3rd April 2020
If you haven’t yet heard the most important news of this year, you certainly are missing out on some tremendous and exciting updates.
Android’s famous Weather App Dark Sky has finally found a new home, and the world does not seem to keep calm on this.
To briefly go over what has happened, on March 31, Dark Sky from Android unveiled that it has officially joined Apple, and all its current subscribers will lose access to the app by June 30.
Looks like it is a dark day for Android users because the application has already disappeared from the Play Store, but don’t worry, we might have an alternative that will quite do the job for you. Keep reading for that!
You might not expect people to be so passionate and obsessive about a weather application, but Dark Sky’s user base undoubtedly seems to qualify.
This hyper-local weather application began as a Kickstarter campaign some nine years ago in 2011, promising its users that they will come up with a predictive weather forecast in real-time. Moreover, this weather forecast would be accurate down to the minute while effectually basing off the exact location of the users.
To dig a litter deeper, this was made possible by using artificial intelligence (AI) to collect information and useful data from the National Oceanic and Atmospheric Administration.
This allowedDark Sky to inform its users when exactly will it rain, and what is the expected time for it to stop. By the end of 2015, they were successfully able to serve more than 8 million forecasts a day.
Shutting down the most used Android application means this will soon be exclusive to Apple users, and that is expected to happen by July 1.
However, sources say that Google’s Android OS is not the only platform the weather app will be closing its doors to. Dark Sky would ultimately cease the programming interface by the end of next year, as part of the terms and acquirement.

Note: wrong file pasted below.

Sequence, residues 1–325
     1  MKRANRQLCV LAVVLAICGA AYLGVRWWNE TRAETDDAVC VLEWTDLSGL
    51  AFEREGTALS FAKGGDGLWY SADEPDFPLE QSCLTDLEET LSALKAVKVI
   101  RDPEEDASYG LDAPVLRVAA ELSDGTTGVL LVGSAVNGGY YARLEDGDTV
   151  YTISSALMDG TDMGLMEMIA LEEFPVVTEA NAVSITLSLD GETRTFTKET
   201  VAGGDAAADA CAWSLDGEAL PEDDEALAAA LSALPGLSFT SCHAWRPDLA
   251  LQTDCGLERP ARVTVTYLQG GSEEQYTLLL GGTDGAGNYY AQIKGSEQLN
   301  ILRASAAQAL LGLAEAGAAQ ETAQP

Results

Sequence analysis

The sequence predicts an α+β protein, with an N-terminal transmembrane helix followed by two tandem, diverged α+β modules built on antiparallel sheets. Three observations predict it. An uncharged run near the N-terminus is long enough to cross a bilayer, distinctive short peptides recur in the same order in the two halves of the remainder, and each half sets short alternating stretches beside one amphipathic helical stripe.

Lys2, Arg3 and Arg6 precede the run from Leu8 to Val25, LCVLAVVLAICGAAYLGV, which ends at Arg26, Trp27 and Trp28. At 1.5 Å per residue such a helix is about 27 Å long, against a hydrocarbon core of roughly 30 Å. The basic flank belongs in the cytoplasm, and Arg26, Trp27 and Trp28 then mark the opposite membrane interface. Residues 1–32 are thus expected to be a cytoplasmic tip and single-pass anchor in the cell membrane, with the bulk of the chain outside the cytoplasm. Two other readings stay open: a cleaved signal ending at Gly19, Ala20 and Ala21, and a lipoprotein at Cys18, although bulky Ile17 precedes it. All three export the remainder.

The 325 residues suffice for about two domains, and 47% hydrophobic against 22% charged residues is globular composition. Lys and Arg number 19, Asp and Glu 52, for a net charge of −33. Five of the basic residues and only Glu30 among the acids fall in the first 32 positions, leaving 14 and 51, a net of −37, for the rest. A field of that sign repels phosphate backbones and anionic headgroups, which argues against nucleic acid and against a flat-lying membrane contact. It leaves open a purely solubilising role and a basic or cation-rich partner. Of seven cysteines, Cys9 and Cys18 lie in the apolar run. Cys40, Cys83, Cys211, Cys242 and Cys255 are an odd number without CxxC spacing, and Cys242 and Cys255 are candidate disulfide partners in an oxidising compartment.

This means other third-party app developers would be enabled to have
complete access to the Dark Sky’s records on weather.
It is believed that this move would also tend to affect other huge platforms like Amazon and Big Sky, that have both tapped into this hyper-local application’s information to mime its functionality purpose along with the process provided to Android OS and Apple iOS.
App developers all around the world have been criticizing Apple for the way they run things, or let’s just say their tremendous control over the majority of the developers.
A lot of people also questioned the company’s App Store policies, but Apple has always been planning these kinds of approaches to better the security and privacy on the App Store.
Well, they surely know what works best for them and never fail to take the right branding and marketing steps to add value to the brand as a whole.
The tech giant has consistently been competing against other industry leaders, whether it is about productivity or music.That is why, an antitrust tech expert and critic at the Open Markets Institute, Sally Hubbard says,
“Given that these tech guys already have so much market power, I think we really need to be vigilant of them cutting off the access for others to be innovators in the marketplace. Interoperability should be a standard merger condition whenever any of the main tech platforms acquire companies if the merger is going to be permitted.”